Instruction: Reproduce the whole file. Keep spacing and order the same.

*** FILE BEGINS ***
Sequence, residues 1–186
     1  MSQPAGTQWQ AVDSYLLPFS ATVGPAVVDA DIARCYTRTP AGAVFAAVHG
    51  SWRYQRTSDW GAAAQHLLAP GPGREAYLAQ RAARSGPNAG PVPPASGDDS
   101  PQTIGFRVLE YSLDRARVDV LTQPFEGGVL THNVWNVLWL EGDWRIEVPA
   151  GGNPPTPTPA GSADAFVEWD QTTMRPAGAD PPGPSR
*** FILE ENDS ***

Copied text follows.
Sequence, residues 1–186
     1  MSQPAGTQWQ AVDSYLLPFS ATVGPAVVDA DIARCYTRTP AGAVFAAVHG
    51  SWRYQRTSDW GAAAQHLLAP GPGREAYLAQ RAARSGPNAG PVPPASGDDS
   101  PQTIGFRVLE YSLDRARVDV LTQPFEGGVL THNVWNVLWL EGDWRIEVPA
   151  GGNPPTPTPA GSADAFVEWD QTTMRPAGAD PPGPSR